In China the price is now four to five times U.S. domestic prices and new demand growth has fallen from 7 percent to 2-4 percent. The government raised gas taxes in part to subsidize China’s woefully inefficient oil industry (costs of production from $50-65/barrel).


In India, conversely, the price was set at below market rates, so when subsidized gas runs out, utilities and other customers—instead of paying for private LNG—simply shut down until more subsidized gas is available.


Another parallel between India and China is the risk of doing business for LNG exporters. If contract disputes arise (i.e. honoring the original agreed upon price), arbitration isn’t an option, because the respective countries would punish suppliers in the market.
Another unique factor weighing against further growth of China’s LNG demand is its recently signed contracts for gas via pipeline from Russia and central Asia. While many felt that China got the best of Russia last year, the pipeline is already looking like it may not be such a great deal.


Dr. Fesharaki’s analogy for pipelines is that they are an all you can eat buffet. The initial purchase may be expensive, but then one can have as much as can be consumed. Given China’s recent weak growth, the price of admission looks questionable.


The final Asian importers Dr. Fesharaki mentioned were Indonesia and Thailand, which are both fairly new to the market (Indonesia had been an exporter). While both are “decent” to sell to, he characterized them as “undersized”.


Europe isn’t much of a factor, as demand in general seems to be falling, and Russia can flood the market with cheap pipeline gas when it wants to kill competition, nearly eliminating any incentive to sign high cost long term LNG contracts.



The U.S. is the newest major player in the export market. Dr. Fesharaki estimated that between 25-35 mmtpa exists on the market now that was initially sold to middlemen only, not end users. Everyone expected oil prices to go back up, and so a lot of would-be middlemen got stuck with gas contracts.


“Smart guys sold all of it, they are smiling,” he said. “I’m astonished at how many people haven’t sold.”


He estimated that the average U.S.-Japan gas export project to would need, at current Henry Hub prices, $70/barrel an oil to break even (that would go up to $75/barrel if Henry Hub prices rose a dollar from $3.50 to $4.50).

If built, projects currently pending FERC approval would triple the U.S. supply. Though all but one are likely to be approved, he thought most, if not all of the unbuilt 70 mmtpa projects will never come online simply because no one will sign contracts in the current oversupplied market.

Qatar also has 25-30 mmtpa either uncontracted or used to fill short term contracts. Qatar’s biggest advantage over other exporters is that its production costs are so low that it is cost competitive with oil down to $25-30/barrel. Qatar had long been the most important exporter, but “played hard to get” and “created” the U.S. and Australian export markets which drove down prices and created the current glut.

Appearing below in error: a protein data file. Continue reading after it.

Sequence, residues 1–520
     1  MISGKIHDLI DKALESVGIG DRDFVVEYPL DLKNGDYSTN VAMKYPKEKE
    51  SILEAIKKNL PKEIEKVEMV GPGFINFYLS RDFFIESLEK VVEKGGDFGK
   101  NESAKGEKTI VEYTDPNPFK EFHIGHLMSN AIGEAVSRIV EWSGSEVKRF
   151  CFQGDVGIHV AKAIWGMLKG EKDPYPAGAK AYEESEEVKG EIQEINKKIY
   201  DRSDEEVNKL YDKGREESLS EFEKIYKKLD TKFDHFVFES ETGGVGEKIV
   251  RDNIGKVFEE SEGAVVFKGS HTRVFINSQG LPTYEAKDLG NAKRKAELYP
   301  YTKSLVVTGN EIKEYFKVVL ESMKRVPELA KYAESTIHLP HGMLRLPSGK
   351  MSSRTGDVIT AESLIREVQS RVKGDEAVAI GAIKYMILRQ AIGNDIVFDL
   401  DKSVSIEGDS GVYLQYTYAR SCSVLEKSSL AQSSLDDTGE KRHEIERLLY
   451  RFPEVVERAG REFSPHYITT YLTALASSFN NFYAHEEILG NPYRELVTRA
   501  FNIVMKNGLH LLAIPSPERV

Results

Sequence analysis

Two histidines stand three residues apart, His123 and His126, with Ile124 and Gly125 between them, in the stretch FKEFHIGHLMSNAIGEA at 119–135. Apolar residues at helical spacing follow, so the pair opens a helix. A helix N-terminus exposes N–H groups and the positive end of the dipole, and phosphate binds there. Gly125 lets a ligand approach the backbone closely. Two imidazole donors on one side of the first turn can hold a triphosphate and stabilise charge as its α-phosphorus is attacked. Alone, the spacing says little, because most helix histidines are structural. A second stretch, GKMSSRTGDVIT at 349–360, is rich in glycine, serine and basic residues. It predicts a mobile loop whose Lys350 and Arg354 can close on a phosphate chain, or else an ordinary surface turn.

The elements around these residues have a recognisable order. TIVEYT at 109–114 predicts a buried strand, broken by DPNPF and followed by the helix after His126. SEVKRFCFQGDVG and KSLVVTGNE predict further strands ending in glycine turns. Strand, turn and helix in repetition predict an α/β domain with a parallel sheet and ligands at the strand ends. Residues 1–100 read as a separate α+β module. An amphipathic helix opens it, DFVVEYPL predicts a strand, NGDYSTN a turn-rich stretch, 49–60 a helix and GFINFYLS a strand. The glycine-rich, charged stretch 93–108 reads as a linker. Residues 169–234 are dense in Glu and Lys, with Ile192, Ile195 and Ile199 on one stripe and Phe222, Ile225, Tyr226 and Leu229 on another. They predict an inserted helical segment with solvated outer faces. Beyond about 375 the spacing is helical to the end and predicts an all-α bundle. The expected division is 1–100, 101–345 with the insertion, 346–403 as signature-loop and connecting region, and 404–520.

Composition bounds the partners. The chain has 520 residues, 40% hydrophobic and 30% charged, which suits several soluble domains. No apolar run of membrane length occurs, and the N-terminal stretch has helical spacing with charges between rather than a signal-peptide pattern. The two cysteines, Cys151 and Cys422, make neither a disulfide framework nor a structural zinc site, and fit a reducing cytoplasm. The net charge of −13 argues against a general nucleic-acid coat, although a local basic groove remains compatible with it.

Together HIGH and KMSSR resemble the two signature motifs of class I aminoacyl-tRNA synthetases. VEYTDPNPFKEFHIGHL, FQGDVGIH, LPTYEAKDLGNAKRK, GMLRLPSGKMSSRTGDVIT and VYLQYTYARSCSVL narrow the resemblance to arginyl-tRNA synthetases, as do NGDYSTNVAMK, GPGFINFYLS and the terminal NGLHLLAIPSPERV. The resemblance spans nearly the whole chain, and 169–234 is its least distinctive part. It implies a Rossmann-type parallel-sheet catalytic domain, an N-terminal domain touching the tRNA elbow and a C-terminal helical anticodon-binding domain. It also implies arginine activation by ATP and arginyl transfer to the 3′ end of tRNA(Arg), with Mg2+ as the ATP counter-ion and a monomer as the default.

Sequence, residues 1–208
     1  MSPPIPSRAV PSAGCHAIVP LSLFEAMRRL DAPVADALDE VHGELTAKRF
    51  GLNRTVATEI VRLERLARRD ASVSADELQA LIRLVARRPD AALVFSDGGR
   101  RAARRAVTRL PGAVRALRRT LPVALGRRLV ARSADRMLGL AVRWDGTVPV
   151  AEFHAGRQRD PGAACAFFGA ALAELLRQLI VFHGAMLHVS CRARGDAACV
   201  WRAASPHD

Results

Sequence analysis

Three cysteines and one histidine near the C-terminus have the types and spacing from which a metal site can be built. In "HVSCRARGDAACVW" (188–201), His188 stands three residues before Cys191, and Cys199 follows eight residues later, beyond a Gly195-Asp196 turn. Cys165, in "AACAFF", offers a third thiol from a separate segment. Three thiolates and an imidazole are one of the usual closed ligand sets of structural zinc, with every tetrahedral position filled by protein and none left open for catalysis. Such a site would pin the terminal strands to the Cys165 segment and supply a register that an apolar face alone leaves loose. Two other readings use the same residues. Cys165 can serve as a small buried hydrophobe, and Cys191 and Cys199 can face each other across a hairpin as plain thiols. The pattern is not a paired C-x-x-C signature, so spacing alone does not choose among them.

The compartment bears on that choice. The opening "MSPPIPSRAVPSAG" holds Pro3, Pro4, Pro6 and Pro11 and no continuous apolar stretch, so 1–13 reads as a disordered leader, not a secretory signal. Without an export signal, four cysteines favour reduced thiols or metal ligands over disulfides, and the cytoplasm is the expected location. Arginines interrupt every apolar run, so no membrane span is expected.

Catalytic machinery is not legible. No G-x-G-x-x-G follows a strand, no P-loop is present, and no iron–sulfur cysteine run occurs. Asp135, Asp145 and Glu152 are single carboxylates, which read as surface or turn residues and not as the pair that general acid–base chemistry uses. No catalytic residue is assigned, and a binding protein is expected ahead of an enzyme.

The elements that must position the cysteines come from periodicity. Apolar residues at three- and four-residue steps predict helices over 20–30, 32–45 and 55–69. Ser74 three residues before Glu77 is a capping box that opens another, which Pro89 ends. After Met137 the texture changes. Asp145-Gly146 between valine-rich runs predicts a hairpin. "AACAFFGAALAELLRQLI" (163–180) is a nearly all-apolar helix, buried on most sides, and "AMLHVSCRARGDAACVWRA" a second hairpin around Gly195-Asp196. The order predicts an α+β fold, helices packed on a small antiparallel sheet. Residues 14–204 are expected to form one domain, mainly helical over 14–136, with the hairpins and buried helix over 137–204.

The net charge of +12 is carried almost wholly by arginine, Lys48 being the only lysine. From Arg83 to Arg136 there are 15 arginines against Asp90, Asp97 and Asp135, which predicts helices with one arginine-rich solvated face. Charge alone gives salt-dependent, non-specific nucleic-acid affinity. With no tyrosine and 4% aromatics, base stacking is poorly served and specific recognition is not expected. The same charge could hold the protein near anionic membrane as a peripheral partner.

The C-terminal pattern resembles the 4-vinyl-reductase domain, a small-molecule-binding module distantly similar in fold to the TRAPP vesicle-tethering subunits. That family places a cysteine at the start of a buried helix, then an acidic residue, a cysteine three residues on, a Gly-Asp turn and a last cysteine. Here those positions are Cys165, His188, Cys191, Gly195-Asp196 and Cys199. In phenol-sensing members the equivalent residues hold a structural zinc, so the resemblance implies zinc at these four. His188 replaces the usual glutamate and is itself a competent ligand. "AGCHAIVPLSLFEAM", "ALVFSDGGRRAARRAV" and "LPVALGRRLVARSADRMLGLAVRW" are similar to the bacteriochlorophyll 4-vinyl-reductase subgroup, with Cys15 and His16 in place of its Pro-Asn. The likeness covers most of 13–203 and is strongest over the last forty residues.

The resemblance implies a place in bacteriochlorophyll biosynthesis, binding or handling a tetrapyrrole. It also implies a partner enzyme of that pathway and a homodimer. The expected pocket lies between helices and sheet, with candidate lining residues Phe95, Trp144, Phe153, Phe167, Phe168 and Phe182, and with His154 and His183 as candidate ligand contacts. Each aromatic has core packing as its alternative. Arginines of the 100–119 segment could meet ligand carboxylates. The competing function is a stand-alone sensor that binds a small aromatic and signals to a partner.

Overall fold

Australia has 5-7 mmtpa existing or nascent unsold supply. Like the U.S. projects on a similar timeline, the Australian projects forecast at least $90-95/barrel oil and will now probably lose money. The projects probably need $65-70/barrel oil to break even. The Australian dollar has declined recently, however, and this may help.


Iran recognizes that even if all of the sanctions are cleared, it has likely missed the LNG boom. Iran has a couple of regional opportunities to supply gas to existing liquefaction facilities whose associated fields are running out of gas (including one in Abu Dhabi, immediately adjacent to a full Iranian field). Dr. Fesharaki suggested that despite the poor economics, Iran would likely build a new LNG export facility of its own, but probably at less than 10 mmtpa capacity.

Mexico, Brazil, and Argentina all have large gas reserves, but also some of the highest cost gas in their domestic markets. For now, it’s cheaper in Mexico to import American gas. While these countries may eventually become exporters, it won’t happen soon.

“We don’t see any projects coming out of Canada for a long long time,” Dr. Fesharaki said. “The gas is there… East Africa, better economics.” In particular, he said environmental and First People’s concerns will prevent project development for the foreseeable future.



Dr. Fesharaki predicted that the current oversupply, including projects nearly online, will work its way through the market by the early 2020s. While he didn’t explicitly attempt to forecast oil prices, he followed the implicit assumption that they would stay low. Should they return to over $70/barrel, U.S. and Australian LNG from existing projects would be cost competitive with oil for producing electricity, and demand growth would likely accelerate substantially.

A common narrative for LNG proponents is the relative cleanliness of gas as a resource. An audience member enquired as to whether this factor would contribute significantly to growth (with the US and China recently announcing a bilateral effort to curb emissions).


Dr. Fesharaki dismissed this line of thinking, saying the only people he knew who thought that way were gas people. For environmentalists, all hydrocarbons emit greenhouse gasses and are all bad. For everyone else, coal is cheaper (and, for the time being, oil is too).


On balance, Dr. Fesharaki believes the global LNG market will carry on for several years at roughly similar volumes as at present, offset by low rates of demand growth and decline. The largest moves in the market for several years will be suppliers competing to replace major contracts, first in Japan followed by Korea and Taiwan.